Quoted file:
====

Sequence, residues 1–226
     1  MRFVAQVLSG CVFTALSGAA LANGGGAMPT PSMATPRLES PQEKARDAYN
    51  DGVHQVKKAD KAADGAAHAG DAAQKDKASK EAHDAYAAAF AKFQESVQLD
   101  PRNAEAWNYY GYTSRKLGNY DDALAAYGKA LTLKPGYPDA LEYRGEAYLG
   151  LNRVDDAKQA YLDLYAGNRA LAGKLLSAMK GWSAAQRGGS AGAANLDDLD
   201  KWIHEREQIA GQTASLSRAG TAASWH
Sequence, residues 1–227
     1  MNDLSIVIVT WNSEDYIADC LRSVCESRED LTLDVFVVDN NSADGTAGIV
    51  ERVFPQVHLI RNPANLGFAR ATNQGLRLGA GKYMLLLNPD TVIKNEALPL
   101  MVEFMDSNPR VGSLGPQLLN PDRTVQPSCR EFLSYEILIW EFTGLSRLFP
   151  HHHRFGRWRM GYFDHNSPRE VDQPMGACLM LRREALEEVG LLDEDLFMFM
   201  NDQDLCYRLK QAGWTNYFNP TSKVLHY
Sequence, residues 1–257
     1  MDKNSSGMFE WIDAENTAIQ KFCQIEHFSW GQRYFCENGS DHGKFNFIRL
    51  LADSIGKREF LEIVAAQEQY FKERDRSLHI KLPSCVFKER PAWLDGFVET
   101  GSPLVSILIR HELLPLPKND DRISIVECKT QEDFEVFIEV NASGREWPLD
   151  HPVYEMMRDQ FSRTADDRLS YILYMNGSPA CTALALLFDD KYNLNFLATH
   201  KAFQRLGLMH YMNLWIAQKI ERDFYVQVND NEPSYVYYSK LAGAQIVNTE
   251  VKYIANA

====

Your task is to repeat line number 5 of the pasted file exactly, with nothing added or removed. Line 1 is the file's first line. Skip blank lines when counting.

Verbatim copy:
   151  LNRVDDAKQA YLDLYAGNRA LAGKLLSAMK GWSAAQRGGS AGAANLDDLD